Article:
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## Not Allowed Game Lesson Plan

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Lesson Plan #:AELP-APM0011
Submitted by: Alice Wasosky
E-mail: EUTHEN@aol.com
Affliation: Second Grade Teacher, St. Therese School, Garfield Heights, Ohio Date: August 1998

Subject(s):

• Mathematics/Applied Math

Overview: Students collect and trade coins.

Goals: Students will learn to use the fewest coins possible for a given total amount.

Objective(s):

1. Students will learn to use the fewest coins possible for a given total amount.
2. Students will cooperate in a small group game to help each other to :
2a. learn to count collections of coins, and
2b. identify the fewest number of coins needed to equal a given total.

Duration: 45 minutes

Resources/Materials:

• coins real or simulated

Activities and Procedures:
Assign students to groups of 3-5. One student in each group should have ability to use coins. Each student brings coins necessary for assigned version of the game. Each group has one die. Player whose last name has the least letters rolls the die, and takes coins out of the pot equal the number shown on the die. Game:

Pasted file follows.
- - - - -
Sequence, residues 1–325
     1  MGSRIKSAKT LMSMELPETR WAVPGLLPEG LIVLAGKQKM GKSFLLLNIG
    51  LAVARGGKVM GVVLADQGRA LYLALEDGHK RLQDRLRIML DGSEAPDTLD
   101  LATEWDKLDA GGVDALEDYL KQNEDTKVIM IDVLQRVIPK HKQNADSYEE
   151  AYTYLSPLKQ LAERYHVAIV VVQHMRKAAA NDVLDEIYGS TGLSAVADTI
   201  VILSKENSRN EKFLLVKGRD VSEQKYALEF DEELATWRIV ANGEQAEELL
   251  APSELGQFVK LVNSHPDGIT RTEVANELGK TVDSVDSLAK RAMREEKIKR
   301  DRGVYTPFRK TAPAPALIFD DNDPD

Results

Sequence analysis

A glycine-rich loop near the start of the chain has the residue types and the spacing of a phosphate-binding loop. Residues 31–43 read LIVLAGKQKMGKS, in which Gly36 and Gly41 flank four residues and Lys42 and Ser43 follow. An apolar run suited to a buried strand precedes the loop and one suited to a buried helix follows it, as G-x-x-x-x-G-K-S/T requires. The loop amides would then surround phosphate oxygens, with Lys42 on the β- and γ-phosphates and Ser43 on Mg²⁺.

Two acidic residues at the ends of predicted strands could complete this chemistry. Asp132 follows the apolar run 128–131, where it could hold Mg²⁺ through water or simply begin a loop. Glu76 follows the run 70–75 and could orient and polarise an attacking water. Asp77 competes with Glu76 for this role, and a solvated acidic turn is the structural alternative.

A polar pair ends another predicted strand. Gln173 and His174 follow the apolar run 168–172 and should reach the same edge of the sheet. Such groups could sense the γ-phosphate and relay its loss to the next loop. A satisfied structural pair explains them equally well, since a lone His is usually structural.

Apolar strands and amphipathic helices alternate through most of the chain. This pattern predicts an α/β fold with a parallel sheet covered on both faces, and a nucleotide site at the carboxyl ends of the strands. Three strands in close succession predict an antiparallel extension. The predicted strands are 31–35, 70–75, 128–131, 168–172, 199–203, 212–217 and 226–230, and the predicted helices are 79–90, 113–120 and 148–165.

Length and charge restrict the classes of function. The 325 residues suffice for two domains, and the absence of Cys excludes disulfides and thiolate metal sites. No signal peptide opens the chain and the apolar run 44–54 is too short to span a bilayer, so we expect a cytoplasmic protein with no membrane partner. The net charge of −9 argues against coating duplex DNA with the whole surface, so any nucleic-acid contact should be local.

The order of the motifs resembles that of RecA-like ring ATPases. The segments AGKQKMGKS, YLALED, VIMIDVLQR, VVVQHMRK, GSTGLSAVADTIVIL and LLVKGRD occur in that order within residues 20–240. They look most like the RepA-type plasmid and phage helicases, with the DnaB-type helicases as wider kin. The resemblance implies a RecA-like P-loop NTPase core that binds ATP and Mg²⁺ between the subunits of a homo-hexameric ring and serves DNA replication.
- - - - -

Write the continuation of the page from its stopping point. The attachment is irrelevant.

Version #1- 5 Pennies-Not Allowed

Each player puts 6 pennies and 5 nickels in the pot. The Player rolling the die must announce the total of their coins and make sure that they do not have five pennies before passing the die to the player on their right. Five pennies must be traded for a nickel.  Students tell the player Not Allowed if they have too many coins when they pass the die to the next player.  Play ends when each player has 5 nickels.

Version#2- 5 Pennies, 2 Nickels-Not Allowed

Each player puts 6 pennies, 2nickels, and 3dimes in the pot. This time 2 nickels must be traded for a dime as well as 5 pennies for a nickel. The game ends when each player has 3 dimes.

Version #3- 5 Pennies, 2 Nickels, 3 Dimes-Not Allowed

Each player puts 6 pennies, 2 nickels, 3 dimes, and 2 quarters in the pot. This time 5 pennies must be traded for a nickel, 2 nickels for a dime, 2 dimes and a nickel for a quarter. Play until everyone gets 2 quarters.

Extension: As students become more proficient, dimes and quarters can be added to the game.

Assessment: Observe students as they play the game. See if any of the group has too many of a given coin. Point out situation to players and see if it can be corrected.